The issue isn't winter—it's that we all have a home.
The Dane County Board of Supervisors passed a resolution this week condemning the Trans-Pacific Partnership (TPP), a NAFTA-style agreement they say has been negotiated in secret over the last five years.
County Board Chair John Hendrick, Common Council President Chris Schmidt and Madison Mayor Paul Soglin jointly announced the resolution at a press conference on Wednesday.
Speaking to members of the press, Mayor Soglin warned that the treaty will lower accounting standards for corporations all over the world, creating lax oversight and allowing Enron-style methods to become "commonplace."
"The consequence of that is that Enrons will become commonplace and ordinary," he said. "Everything from what we see in real estate transactions to the protections of our pensions, our security, of our economy, will be threatened. For decades, there have been efforts to get American regulators to lower our accounting standards to this lowest common denominator. But they can't get it by going through the front door. They're going to attempt to get it by working their way through this treaty."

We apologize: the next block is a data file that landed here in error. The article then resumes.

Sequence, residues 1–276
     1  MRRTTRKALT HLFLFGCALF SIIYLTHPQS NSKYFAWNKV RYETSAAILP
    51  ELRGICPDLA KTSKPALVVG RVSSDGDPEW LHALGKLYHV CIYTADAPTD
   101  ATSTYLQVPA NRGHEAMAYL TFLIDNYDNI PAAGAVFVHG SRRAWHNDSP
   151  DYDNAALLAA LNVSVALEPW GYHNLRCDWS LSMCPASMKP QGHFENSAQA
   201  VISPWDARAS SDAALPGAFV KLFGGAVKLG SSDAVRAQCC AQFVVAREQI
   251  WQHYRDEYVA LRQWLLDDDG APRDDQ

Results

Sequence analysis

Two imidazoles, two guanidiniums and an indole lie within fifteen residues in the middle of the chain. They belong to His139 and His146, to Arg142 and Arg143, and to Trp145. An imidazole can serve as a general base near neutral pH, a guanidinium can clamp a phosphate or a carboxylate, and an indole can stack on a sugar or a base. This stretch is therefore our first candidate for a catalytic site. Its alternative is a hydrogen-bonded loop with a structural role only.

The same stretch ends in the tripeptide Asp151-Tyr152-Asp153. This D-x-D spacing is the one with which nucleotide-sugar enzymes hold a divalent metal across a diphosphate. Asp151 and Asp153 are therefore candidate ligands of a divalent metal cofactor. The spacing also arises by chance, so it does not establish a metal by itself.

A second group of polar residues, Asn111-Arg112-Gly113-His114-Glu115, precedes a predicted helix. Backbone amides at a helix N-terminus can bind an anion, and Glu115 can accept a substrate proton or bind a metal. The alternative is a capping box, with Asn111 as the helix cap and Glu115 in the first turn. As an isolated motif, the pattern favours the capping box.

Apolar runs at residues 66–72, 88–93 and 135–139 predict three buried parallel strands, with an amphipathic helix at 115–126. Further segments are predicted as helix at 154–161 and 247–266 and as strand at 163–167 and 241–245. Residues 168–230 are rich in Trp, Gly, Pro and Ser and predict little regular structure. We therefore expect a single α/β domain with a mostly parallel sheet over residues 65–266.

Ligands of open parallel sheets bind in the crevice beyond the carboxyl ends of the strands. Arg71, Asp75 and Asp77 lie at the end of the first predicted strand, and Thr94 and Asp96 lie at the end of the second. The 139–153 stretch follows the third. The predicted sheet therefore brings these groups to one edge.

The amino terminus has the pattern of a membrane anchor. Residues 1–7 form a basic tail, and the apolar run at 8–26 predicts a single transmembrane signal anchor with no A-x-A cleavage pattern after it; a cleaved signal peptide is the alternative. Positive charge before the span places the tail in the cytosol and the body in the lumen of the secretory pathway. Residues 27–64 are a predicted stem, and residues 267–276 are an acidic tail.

The TPP is being negotiated between the United States, Australia, Brunei Darussalam, Canada, Chile, Malaysia, Mexico, New Zealand, Peru, Singapore and Vietnam, with the possibility of other Pacific Rim nations like Japan, China, Chile, Peru and Mexico joining later.
The press conference was organized by the South Central Federation of Labor and David Newby, former head of the Wisconsin AFL-CIO and current President of the Wisconsin Fair Trade Coalition.
Here's David Newby explaining some of the details of the TPP, as well as the fast track process it may go through to be ratified by the U.S. government:
And here are local elected officials explaining how the TPP would hurt our communities:
The Dane County board passed the resolution Thursday night with one member abstaining and one member in opposition. None of the public comments supported the treaty. The Madison Common Council is scheduled to vote on the resolution at its meeting on October 29.
Photo: Screenshot via YouTube.